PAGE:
Court order bars O.J. Simpson from selling ring
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[October 18, 2008]
SANTA MONICA, Calif. (AP) --
As O.J. Simpson sits in jail in Nevada, his Pro Football Hall of Fame ring has become the object of a custody battle in California, where a judge ordered Friday that a memorabilia dealer hand it over.
The dealer, Alfred Beardsley, is one of two men Simpson was convicted this month of robbing in a Las Vegas hotel room last year. Attorneys representing Fred Goldman in his effort to collect his share of a $33.5 million wrongful death judgment say they have learned Simpson gave the ring to Beardsley sometime after the robbery.
Following a hearing that lasted no more than five minutes, Superior Court Judge Gerald Rosenberg ordered that Beardsley, 46, appear in his courtroom Nov. 19 and produce the ring. He also ordered Simpson, who is in jail in Las Vegas awaiting sentencing, to not make any effort to dispose of the ring.
But Rosenberg also noted that getting Beardsley to court next month could be problematic. The memorabilia dealer is incarcerated at a state prison in Chino on a parole violation. He was convicted in 2003 of stalking a woman.
"How are you going to get him here?" Rosenberg asked Goldman attorney Peter Haven.
"We'll make the arrangements," Haven replied.
Haven is one of two attorneys representing Goldman, the father of Ron Goldman, who was stabbed to death with Simpson's ex-wife Nicole Brown Simpson in Los Angeles in 1994.
Simpson was acquitted of those killings but later held liable for the deaths by a civil court jury that ordered him to pay the victims' survivors $33.5 million.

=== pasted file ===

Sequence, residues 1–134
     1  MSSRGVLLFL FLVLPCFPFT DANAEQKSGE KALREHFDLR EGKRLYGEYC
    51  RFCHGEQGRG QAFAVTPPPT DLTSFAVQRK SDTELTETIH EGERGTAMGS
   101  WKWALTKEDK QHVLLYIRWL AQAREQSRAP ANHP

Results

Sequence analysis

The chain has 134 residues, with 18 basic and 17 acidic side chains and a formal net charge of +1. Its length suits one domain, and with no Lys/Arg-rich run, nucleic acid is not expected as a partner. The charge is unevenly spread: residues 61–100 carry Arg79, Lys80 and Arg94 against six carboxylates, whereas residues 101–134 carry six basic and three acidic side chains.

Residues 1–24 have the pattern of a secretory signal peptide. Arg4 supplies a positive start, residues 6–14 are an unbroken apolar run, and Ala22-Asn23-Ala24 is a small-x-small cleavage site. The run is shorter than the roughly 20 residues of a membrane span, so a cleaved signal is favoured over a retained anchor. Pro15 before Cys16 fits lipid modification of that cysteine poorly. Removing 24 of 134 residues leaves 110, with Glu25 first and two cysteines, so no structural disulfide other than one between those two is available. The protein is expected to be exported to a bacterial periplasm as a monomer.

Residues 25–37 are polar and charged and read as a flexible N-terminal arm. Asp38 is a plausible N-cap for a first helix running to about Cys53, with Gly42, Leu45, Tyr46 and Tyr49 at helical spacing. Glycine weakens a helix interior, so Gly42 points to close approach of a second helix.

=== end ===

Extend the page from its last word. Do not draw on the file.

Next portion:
Most of that judgment remains unpaid, but Fred Goldman has dedicated his life to making Simpson hand over as many of his assets as possible, saying it is the only way to achieve justice for his son. His attorneys believe the ring could be auctioned for as much as $50,000.
Neither Beardsley nor his attorney, Jack Neil Swickard, were in court Friday. Swickard said by phone that he was visiting Beardsley in prison at the time and was unaware of the hearing.
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"This is the first time I've heard about it," he said. "I did hear something about a fracas about a ring, and I did talk to Alfred today, but we didn't talk about a ring."
Ronald Slates, the attorney who has represented Simpson in his battles with Goldman, told Rosenberg he has no idea where the ring is. He asked that he not be held responsible if Simpson does dispose of it, saying he is no longer in touch with him.
Goldman attorney David Cook said outside court that Clark County, Nev., District Attorney David Roger told him Beardsley has the ring. He said Roger, who prosecuted Simpson in the Las Vegas case, told him the memorabilia dealer was on a bus taking him back to jail when he boasted that Simpson gave it to him.
Roger has declined to comment until after Simpson is sentenced in December.
Simpson, 61, faces a maximum of life in prison.
Press; By JOHN ROGERS]
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